Right to the very end, New Zealand continues to offer unusual and exciting experiences.

For as long as I can remember I have had a recurring nightmare in which I find myself inside a tiny room containing only a toilet and a sink. There are no windows and there is no way out either under or over the only door that permits access to this small closet. The lock on the door is broken. I am locked in.

This afternoon before leaving the Pa Maria (“Home of Mary”) Spirituality Centre after leading a six hour workshop, I stepped into the Men’s toilet in a tiny cupboard with only a toilet and half sink. There was one door, no windows, no vent, no way out except the way I came in. After washing my hands I turned from the sink and reached up for the lock on the door. The small mettle handle of the lock turned and clicked. The bolt did not slide back. I turned the handle again. This time there was no click and the handle spun freely. Nothing moved. The lock was broken and useless. I was locked in.

I knocked on the door. No answer. I fidgeted with the lock, took out my pen and tried to push the bolt back; nothing moved. I knocked a little louder. This time a voice spoke from the other side of the door, “Are you alright?”

“I can’t get out,” I replied. “The lock is broken. I’m locked in.”

The person on the other side of the door fumbled with the lock from the outside, then said, “Wait a minute, I’ll get a screw driver.” He returned a minute later and I heard a screw driver being pushed into the lock. Nothing happened. It was comforting to know someone was out there and knew of my presence in this minute cupboard. But the process of getting me out was not progressing. Finally, the voice said, “I’ll get someone to help.” Footsteps walked away; two voices returned. Together they fumbled with the locking device to no effect.

I could feel my stomach flutter with a tinge of anxiety. I slowed my breath and tried to stay calm. After a while, I took my pen again and jammed it in the lock to push the bolt back in the direction it should unlock. It did not budge. Finally, with no other ideas, and no positive developments from the outside, I pushed my pen into the bolt from the wrong end. The bolt slid through the clasp and dropped in my hand. I was free.

Ever since arriving in New Zealand, we have been speaking about vulnerability and the frailty of the human flesh. This tiny brush with my own powerlessness is trivial but real.

On Friday twenty-nine New Zealand coal miners in a mine near Greymouth on the west coast were trapped underground by a mine explosion. Today officials are holding out little hope there can be any survivors. There is nothing trivial about this catastrophe for these men or their families, or the community who find themselves locked into the horror of loss.

Every day since Friday the front page of the newspapers have carried pictures of the grief stricken friends and relatives of the missing miners. Their faces are crumpled with pain.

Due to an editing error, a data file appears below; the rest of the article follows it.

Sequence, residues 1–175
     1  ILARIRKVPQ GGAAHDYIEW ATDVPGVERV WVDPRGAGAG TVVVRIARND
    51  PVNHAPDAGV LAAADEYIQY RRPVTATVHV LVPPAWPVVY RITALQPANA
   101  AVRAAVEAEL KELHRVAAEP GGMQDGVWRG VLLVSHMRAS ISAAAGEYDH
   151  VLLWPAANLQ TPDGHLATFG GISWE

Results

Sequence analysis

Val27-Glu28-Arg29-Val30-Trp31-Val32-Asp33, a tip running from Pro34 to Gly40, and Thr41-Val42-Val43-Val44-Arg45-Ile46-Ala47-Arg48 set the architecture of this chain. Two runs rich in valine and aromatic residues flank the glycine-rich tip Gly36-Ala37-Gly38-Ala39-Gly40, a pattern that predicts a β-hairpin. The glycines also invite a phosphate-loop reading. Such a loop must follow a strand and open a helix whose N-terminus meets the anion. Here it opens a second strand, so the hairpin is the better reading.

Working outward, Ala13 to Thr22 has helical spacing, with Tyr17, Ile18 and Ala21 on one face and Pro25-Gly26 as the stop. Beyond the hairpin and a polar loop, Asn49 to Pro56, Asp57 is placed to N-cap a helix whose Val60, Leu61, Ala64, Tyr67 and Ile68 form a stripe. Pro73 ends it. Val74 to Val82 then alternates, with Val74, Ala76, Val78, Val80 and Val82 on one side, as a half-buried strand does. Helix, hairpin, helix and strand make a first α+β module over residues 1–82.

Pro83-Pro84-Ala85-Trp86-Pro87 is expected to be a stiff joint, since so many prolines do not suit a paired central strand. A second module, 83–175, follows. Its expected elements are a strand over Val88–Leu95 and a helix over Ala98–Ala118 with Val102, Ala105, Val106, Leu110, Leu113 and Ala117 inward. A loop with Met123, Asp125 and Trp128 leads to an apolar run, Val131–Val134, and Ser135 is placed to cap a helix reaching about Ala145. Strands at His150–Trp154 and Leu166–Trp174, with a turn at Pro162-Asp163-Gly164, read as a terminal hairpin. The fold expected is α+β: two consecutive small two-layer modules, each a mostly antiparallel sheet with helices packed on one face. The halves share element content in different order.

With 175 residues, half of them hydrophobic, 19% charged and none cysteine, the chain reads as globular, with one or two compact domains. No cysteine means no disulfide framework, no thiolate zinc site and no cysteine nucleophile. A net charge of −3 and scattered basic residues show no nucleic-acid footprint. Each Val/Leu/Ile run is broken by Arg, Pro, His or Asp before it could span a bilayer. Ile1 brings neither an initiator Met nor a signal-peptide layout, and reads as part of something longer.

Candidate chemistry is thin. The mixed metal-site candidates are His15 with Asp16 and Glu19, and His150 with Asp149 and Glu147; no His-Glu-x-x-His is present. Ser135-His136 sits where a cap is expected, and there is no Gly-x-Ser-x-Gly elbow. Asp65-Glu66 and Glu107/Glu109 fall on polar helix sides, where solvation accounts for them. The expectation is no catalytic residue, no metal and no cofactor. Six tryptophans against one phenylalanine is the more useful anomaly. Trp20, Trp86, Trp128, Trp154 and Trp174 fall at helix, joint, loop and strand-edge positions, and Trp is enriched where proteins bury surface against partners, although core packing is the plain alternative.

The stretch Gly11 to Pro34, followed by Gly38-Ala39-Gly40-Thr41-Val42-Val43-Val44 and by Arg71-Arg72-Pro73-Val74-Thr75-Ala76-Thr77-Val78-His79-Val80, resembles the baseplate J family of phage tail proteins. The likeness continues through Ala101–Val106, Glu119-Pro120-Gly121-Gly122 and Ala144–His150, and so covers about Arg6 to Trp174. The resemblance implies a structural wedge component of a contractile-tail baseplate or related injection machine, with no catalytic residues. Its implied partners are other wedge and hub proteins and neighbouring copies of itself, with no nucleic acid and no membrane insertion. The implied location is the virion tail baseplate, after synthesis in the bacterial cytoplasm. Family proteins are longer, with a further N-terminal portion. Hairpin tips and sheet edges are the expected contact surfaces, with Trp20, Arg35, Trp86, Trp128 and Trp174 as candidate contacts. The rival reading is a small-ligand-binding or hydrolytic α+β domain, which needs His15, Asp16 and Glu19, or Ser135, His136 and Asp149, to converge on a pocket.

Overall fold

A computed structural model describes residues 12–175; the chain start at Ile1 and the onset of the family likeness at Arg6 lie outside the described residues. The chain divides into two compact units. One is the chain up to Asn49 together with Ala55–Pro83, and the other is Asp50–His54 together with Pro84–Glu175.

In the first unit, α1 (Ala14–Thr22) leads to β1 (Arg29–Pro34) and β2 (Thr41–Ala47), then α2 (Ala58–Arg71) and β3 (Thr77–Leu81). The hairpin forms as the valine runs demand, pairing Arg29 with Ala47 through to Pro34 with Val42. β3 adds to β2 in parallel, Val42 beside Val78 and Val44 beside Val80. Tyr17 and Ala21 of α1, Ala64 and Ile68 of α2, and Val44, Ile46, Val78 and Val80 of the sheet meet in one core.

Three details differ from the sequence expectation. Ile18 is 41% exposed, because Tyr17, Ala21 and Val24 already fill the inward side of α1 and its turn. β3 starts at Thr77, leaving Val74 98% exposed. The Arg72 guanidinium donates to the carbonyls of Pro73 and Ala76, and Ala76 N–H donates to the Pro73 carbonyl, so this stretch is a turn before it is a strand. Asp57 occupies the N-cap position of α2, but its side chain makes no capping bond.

When the media have long forgotten the sadness of this event, the people most effected will continue to walk through dark and troubling times. Some people will remain locked in their grief for many years.

Like my kidney stone attack which nearly derailed this entire trip days before we were scheduled to leave, being locked in a toilet closet for ten minutes is a trivial incident. But it is a reminder of the human vulnerability about which we have spoken since arriving in this country that in three months has experienced the devastation of a major earthquake and the tragedy of a mining disaster. We live always on the edge of powerful forces we cannot control.

While we have been here in New Zealand, a major international story has been unfolding in the distant land of Burma with the release from house arrest of the pro-democracy advocate, Aung San Suu Kyi. Two decades ago in her famous “Freedom from Fear” speech, Suu Kyi said,

It is not power that corrupts but fear… Fearlessness may be a gift, but perhaps more precious is the courage… that comes from cultivating the habit of refusing to let fear dictate one’s actions.

The way to freedom lies ahead for those who refuse to be locked in by their fears. It is not that it is not that there is nothing to fear; some fears are deeply real and powerfully troubling. The fear of loss for those who have loved ones blasting coal out of the ground cannot be denied, but must not control those who live in its vicinity.

I cannot allow my nightmare vision of suffocating in a tiny toilet cubicle to make it impossible for me to visit a toilet unless I am sure there is an alternative way of escape. When our fears control our choices, we give power to forces that are not oriented towards our highest good. When we acknowledge our fears but refuse to allow them to control our choices, we are liberated to live the deeply transforming lives for which we were created.